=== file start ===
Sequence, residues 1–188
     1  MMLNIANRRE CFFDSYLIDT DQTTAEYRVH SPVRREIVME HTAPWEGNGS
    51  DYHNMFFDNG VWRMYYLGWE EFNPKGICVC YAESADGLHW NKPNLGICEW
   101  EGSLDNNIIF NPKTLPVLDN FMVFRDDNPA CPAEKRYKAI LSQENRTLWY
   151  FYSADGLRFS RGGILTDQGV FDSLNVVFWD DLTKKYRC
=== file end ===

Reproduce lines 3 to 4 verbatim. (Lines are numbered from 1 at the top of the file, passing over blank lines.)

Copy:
    51  DYHNMFFDNG VWRMYYLGWE EFNPKGICVC YAESADGLHW NKPNLGICEW
   101  EGSLDNNIIF NPKTLPVLDN FMVFRDDNPA CPAEKRYKAI LSQENRTLWY